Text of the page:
IN MEMORIAM

By Staff

DUANE ‘CHIP’ KING PORT, of Fremont, Nebraska, age 71,
died January 11, 1999. Chip was a gas engine collector for over 25
years and exhibited and attended shows in Nebraska, Iowa, South
Dakota, Minnesota and Arizona. He had been an IHC truck salesman
for 27 years and had eight IHC gas engines, besides other ones. He
also had three model engines.

He is survived by his wife, Jean; two daughters and seven
grandchildren. 

Submitted by his wife Jean Kingport.

GAY WILLARD WRIGHT, 93, of Wapello, Iowa, and formerly of
Morning Sun, died March 30, 1999.

Mr. Wright was born October 19, 1905, in rural Morning Sun, the
son of Ed and Susie B. Paisley Wright. He married Mildred
Springsteen on November 26, 1930. She died May 1,1986. He later
married Mary Walsinger of Wapello in 1990; She died in 1997.

He farmed with his dad, and at age 14 started running a Russell
threshing machine. He continued with engines his entire life. He
owned and operated a field tile ditching and Caterpillar business.
He continued his interest in steam engines by putting in many hours
at the Midweast Old Threshers Reunion in Mt. Pleasant, devoting a
month before to working on engines in preparation for the Labor Day
weekend. He also served on the board of directors and would conduct
school tours in April and May. He had entered every town parade of
the county and surrounding towns with his homemade lawnmower
machines pulling a miniature steam engine, with reindeer cut out of
wood with its feet moving and a man sawing. Family members were
drafted to ride bicycles he designed out of parts of bikes remade.
He had built eight campers from scratch. For many years, he took an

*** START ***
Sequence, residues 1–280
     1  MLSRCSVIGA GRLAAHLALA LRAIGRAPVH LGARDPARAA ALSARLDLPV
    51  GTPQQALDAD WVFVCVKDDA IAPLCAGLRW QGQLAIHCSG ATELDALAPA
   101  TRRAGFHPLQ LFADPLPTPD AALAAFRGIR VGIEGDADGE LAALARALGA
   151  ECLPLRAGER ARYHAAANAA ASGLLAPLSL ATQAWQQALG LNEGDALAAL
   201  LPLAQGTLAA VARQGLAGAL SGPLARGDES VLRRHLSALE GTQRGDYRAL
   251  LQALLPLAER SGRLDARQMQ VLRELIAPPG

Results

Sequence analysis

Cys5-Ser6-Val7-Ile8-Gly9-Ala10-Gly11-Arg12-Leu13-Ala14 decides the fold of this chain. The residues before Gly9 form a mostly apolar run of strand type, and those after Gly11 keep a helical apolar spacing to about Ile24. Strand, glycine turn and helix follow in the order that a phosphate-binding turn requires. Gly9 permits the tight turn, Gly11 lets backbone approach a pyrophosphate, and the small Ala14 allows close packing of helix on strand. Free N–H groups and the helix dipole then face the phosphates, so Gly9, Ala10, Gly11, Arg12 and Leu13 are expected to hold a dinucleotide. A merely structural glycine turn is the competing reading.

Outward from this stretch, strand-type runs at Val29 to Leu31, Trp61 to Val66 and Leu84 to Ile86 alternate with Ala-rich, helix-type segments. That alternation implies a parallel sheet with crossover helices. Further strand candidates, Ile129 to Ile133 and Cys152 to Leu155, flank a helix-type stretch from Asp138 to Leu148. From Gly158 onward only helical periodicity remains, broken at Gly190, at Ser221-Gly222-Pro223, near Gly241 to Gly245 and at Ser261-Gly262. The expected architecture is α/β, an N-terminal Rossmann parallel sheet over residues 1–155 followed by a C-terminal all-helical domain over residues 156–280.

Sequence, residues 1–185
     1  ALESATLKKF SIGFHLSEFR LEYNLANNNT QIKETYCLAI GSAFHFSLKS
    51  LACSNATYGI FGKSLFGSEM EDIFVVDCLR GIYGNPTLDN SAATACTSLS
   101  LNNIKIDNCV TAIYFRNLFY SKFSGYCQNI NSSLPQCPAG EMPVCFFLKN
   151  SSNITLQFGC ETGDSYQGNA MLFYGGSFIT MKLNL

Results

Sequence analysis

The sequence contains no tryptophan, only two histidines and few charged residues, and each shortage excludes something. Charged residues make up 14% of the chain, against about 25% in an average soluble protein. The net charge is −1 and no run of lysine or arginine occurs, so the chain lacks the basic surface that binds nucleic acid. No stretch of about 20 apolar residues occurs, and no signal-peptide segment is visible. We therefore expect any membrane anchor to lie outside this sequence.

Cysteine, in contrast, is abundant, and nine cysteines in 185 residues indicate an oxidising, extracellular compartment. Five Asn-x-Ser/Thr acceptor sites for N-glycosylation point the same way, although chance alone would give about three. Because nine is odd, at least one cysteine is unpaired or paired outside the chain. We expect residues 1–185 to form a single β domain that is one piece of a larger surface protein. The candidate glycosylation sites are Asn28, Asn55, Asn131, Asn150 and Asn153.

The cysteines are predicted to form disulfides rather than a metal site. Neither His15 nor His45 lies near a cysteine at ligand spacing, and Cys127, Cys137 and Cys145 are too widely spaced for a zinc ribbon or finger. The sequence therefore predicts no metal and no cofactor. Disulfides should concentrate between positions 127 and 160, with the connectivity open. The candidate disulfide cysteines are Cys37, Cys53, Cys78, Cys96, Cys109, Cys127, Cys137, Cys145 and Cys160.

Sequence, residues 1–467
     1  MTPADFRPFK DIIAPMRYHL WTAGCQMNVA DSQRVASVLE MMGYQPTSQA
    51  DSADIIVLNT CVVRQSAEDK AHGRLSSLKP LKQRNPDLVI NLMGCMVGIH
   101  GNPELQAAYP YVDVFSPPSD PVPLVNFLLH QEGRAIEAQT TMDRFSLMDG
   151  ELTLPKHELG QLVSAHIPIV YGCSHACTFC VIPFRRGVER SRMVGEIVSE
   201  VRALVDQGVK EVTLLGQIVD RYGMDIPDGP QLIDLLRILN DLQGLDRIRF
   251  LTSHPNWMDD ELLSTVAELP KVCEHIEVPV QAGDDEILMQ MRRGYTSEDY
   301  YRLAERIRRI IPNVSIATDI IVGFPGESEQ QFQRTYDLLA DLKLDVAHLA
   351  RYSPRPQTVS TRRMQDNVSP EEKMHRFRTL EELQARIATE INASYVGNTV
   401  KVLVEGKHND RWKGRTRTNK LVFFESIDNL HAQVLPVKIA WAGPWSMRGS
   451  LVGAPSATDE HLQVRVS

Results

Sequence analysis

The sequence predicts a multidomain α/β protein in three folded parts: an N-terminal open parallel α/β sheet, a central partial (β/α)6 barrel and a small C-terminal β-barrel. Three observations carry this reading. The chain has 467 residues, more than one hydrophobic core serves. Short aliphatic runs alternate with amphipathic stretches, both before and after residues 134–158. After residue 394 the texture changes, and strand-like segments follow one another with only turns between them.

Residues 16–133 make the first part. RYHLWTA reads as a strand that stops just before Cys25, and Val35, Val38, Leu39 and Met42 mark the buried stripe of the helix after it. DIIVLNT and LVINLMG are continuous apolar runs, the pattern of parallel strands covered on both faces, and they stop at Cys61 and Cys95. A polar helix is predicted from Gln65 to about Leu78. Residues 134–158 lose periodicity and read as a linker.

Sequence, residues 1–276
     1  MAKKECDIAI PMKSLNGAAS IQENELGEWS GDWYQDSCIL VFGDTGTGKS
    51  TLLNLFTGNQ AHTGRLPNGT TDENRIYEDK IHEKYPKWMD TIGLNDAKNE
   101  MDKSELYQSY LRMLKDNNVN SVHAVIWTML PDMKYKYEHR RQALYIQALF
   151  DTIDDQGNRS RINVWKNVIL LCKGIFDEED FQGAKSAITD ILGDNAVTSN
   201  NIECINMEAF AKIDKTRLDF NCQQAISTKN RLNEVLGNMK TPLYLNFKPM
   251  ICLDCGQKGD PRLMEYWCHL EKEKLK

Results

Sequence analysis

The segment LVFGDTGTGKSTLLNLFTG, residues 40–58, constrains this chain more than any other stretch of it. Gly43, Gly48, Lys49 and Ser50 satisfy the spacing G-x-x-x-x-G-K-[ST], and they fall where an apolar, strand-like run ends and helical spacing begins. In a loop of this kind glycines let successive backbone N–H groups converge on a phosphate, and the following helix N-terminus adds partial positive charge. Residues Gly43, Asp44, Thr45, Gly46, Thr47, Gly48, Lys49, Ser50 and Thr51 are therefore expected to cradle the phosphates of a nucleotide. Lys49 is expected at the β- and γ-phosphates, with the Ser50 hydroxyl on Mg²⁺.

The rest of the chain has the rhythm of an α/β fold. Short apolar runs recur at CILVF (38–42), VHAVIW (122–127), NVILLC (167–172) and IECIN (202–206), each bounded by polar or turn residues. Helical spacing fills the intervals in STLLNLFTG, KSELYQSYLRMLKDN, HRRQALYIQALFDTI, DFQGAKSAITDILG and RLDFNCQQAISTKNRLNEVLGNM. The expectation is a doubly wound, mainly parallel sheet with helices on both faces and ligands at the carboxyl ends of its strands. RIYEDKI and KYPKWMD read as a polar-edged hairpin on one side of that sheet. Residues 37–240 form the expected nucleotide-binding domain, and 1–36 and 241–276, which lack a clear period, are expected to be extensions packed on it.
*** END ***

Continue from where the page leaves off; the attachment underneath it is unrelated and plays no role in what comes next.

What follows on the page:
engine and trailer to Denmark where he provided rides for children
at the town’s three-day celebration. He also ran a steam engine
in West Point to cook corn for its Corn Festival. In 1943, he
purchased a tent roller rink, starting many years of roller skating
by all ages from the area on four different rinks he
constructed–three in Morning Sun and one in Columbus Junction.

He sold all businesses and worked at J. I. Case Company in
Burlington and the Burlington Medical Center until retiring in
1978. He remained active repairing lawnmowers, mowing yards and
went dancing in Oakville, joining other senior citizens until age
92.

Survivors include three daughters, Phyllis L. Stineman of
Grandview; Karen S. Hollingsworth of Mediapolis and Ruth M. Oetken
of St. Mary’s, Pennsylvania; one son, Edward L. of Morning Sun;
11 grandchildren; 18 great-grandchildren; three
great-greatgrandchildren; two sisters, Frances Thomas of Morning
Sun, and Jane Jones, of Iowa City.

Submitted by Midwest Old Threshers.

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Preserving the History of Internal Combustion Engines